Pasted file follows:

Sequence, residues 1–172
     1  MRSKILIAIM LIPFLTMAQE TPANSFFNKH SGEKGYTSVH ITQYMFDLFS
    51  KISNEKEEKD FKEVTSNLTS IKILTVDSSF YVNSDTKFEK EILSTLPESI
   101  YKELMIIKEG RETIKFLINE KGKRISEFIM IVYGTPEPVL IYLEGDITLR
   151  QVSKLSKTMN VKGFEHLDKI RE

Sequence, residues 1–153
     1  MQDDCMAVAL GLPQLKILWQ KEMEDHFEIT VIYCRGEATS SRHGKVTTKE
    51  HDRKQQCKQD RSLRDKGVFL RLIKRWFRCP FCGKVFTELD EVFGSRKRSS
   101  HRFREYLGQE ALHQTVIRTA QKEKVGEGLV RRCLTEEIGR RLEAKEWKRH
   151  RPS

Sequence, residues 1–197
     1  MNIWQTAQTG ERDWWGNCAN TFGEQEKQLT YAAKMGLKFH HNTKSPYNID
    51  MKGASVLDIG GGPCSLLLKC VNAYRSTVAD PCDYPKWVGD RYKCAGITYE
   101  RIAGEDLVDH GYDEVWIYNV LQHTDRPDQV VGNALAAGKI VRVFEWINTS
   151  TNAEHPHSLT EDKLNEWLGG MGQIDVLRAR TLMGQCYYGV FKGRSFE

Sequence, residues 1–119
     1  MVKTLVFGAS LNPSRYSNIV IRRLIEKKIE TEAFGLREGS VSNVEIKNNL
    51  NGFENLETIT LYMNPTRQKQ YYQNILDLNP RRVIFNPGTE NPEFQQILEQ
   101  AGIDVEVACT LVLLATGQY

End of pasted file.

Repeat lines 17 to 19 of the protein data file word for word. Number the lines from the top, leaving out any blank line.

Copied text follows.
     1  MVKTLVFGAS LNPSRYSNIV IRRLIEKKIE TEAFGLREGS VSNVEIKNNL
    51  NGFENLETIT LYMNPTRQKQ YYQNILDLNP RRVIFNPGTE NPEFQQILEQ
   101  AGIDVEVACT LVLLATGQY